I have always thought myself to be a modern, educated and level-headed person. I am liberal and have surrounded myself with like-minded people to make sure my family has the right influences. I am a firm believer in science, especially medical science. When Covid hit, I was as scared as anyone. We locked down and didn’t leave the house for anything! When it was time to venture out I always wore my mask, even when they lifted requirements. When it was my turn to get the vaccine, I went to the hospital to get it the first day I could. My son, Charlie Chickadee (CC for short), however, is a different story. He’s told me in no uncertain terms that he will never get this or any other vaccine. I’m worried that at the ripe age of three, my child has already become an anti-vaxxer!
It seems so shocking to me, but I should have seen the writing on the wall. CC used to push back against the masks. Whenever we were at the playground, he’d take the mask off and throw it on the ground defiantly, sometimes stomping on it. At first I thought it was just him, being difficult, but I read some articles online and posted on some Facebook groups for advise and realized that maybe he just didn’t understand the science. I had a little heart to heart with him and did what everyone suggested I do: I showed him statistical evidence that the science worked and that masking helps reduce transmission. Numbers can’t lie, not even to toddlers! I know he wasn’t in the vulnerable population, but I reinforced to him that he could save the life of someone who was, like his Gaga or Peepaw. He still fought it, though. I think the CDC changing it’s messaging so often really eroded his confidence in the public health information and started to make him question everything. I really wish they could get their act together. Normally I wouldn’t care that much about him not wearing a mask at an outdoor playground, but not only does CC suck his thumb, he sometimes sucks other children’s thumbs! While sucking another person’s thumb isn’t explicitly on the CDC’s graphic about high risk behaviors for unvaccinated individuals, I think it should be.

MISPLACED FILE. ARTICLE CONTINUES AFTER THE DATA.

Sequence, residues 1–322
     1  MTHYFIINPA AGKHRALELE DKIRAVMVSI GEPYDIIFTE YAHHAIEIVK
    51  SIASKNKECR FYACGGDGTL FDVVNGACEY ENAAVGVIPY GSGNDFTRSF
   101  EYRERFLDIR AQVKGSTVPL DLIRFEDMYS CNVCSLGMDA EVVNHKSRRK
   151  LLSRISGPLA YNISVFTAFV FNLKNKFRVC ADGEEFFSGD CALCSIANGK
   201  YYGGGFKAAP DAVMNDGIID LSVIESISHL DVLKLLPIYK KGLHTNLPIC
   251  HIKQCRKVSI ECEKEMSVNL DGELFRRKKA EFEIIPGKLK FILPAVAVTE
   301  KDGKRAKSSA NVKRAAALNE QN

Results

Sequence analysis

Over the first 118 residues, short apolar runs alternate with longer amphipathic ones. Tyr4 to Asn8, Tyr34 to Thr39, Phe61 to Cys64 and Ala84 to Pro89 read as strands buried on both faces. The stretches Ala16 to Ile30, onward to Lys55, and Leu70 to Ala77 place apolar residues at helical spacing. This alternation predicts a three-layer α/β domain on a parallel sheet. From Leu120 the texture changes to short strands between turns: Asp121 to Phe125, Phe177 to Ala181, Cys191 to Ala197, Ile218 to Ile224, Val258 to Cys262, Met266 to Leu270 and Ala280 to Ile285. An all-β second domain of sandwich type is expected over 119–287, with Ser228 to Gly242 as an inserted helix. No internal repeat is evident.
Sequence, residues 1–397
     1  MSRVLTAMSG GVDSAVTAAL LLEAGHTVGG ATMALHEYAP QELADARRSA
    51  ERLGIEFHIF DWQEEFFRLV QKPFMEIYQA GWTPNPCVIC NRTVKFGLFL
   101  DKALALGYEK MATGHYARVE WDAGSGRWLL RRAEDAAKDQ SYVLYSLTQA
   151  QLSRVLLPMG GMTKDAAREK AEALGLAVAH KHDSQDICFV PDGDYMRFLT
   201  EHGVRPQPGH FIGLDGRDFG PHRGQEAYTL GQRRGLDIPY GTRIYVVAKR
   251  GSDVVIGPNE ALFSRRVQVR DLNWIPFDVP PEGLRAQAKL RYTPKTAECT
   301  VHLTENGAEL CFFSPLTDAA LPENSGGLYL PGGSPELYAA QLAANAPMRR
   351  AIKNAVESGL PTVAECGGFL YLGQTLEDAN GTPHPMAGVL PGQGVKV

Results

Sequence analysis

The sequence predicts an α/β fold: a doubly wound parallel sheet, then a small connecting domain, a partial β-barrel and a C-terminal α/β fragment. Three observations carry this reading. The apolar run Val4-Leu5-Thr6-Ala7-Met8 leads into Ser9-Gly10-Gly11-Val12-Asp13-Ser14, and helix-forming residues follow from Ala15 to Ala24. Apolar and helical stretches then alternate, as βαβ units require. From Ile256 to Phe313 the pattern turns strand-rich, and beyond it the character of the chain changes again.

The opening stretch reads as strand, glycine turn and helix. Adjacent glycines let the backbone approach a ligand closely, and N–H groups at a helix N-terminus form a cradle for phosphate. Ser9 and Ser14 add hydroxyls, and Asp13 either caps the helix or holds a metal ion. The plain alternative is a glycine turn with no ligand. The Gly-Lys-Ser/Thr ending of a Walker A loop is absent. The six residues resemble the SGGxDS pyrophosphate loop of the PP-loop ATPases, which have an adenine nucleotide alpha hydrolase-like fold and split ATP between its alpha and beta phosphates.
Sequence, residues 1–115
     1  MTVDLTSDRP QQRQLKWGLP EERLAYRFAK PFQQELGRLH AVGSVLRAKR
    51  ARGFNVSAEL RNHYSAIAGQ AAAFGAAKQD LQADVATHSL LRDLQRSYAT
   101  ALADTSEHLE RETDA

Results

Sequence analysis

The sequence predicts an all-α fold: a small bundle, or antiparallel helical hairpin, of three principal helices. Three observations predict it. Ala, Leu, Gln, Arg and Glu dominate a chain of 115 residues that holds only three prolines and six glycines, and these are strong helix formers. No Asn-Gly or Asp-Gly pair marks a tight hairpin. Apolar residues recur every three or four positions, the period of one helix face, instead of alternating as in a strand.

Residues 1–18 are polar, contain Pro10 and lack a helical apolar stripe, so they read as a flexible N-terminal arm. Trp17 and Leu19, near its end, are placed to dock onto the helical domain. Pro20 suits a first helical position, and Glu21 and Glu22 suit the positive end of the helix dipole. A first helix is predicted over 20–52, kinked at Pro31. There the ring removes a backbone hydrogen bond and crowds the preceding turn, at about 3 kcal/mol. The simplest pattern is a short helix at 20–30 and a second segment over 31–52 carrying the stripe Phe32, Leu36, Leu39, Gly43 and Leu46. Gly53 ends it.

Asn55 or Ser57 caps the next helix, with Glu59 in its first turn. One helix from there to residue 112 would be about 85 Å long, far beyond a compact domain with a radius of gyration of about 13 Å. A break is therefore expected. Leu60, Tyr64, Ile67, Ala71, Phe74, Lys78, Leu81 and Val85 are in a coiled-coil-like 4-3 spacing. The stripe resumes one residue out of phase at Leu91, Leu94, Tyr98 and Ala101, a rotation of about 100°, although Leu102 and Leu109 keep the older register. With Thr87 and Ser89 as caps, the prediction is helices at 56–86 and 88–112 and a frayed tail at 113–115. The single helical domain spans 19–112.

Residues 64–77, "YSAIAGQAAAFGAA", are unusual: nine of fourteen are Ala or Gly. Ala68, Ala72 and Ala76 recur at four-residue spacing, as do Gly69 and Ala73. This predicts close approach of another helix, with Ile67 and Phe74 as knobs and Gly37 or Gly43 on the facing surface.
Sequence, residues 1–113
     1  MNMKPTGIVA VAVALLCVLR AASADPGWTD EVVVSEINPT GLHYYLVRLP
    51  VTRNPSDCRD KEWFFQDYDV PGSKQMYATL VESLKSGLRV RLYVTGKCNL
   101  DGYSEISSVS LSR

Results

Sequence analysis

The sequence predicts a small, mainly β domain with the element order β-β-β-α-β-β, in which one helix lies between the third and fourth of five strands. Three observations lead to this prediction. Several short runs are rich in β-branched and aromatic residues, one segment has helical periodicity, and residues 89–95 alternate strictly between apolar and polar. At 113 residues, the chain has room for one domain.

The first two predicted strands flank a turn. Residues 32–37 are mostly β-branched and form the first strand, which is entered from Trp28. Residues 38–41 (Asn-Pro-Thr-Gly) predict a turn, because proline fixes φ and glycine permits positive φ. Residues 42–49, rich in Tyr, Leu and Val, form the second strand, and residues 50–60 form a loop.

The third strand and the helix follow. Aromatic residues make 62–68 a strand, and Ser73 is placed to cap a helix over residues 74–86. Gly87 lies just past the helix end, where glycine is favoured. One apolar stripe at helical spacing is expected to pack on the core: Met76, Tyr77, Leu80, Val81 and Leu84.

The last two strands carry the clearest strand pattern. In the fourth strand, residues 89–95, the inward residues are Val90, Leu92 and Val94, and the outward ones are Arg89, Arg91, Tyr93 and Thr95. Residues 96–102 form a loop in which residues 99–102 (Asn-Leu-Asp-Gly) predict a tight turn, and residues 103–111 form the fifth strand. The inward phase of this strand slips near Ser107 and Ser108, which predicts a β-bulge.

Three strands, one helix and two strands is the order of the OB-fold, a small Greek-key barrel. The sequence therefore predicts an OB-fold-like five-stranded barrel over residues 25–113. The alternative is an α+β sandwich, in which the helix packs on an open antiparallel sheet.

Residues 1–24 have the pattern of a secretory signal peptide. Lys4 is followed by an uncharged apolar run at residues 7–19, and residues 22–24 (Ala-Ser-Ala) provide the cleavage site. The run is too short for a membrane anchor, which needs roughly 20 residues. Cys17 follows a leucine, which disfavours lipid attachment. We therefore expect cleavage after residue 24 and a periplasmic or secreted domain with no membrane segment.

So, CC wouldn’t wear his mask, but I learned to live with it. As we found out more about outdoor transmission, I realized that while not ideal, it was still fairly low risk. What I was more concerned about was everyone knowing I was raising an anti-masker. I was also concerned about where he was getting his news from. I know that parents need to be vigilant about protecting their children from misinformation campaigns and fake news, but I thought I that started much later. Whoever did it must have also told him to keep everything hush-hush, because whenever I’d ask him why he didn’t want to wear a mask he’d just say “masks are stupid”. When I’d ask him where he got that idea, he’d just say “Batman”. I looked at his Batman comics and watched some shows and I never saw him once say masks are stupid. Batman even wears a mask! “Batman” must be some sort of codename or something. Or maybe it was on the dark web, but I wasn’t about to venture there and get brainwashed myself.